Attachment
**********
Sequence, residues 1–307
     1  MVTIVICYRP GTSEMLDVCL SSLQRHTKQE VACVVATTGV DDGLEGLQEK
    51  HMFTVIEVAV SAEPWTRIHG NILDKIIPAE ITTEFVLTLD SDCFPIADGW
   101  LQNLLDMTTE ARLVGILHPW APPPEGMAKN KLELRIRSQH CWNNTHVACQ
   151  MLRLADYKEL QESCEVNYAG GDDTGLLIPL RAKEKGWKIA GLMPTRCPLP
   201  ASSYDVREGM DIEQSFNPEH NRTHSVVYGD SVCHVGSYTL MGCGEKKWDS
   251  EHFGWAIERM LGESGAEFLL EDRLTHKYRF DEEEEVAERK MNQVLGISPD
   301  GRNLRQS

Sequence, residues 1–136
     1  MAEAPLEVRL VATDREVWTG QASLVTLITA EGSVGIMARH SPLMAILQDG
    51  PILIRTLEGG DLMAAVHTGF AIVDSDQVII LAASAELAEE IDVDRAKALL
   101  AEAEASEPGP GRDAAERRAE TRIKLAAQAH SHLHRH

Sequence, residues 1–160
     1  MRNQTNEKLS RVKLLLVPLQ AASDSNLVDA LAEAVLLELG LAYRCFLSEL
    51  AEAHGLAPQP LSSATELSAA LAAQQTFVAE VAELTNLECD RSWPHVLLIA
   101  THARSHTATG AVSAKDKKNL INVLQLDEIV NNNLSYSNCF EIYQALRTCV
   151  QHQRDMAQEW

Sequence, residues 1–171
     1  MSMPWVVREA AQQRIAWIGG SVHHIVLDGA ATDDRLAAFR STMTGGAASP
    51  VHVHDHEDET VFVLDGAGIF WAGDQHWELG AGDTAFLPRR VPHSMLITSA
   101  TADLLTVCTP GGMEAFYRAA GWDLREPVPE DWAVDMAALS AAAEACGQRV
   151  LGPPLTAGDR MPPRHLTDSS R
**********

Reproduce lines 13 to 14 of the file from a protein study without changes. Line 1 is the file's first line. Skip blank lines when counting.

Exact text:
Sequence, residues 1–160
     1  MRNQTNEKLS RVKLLLVPLQ AASDSNLVDA LAEAVLLELG LAYRCFLSEL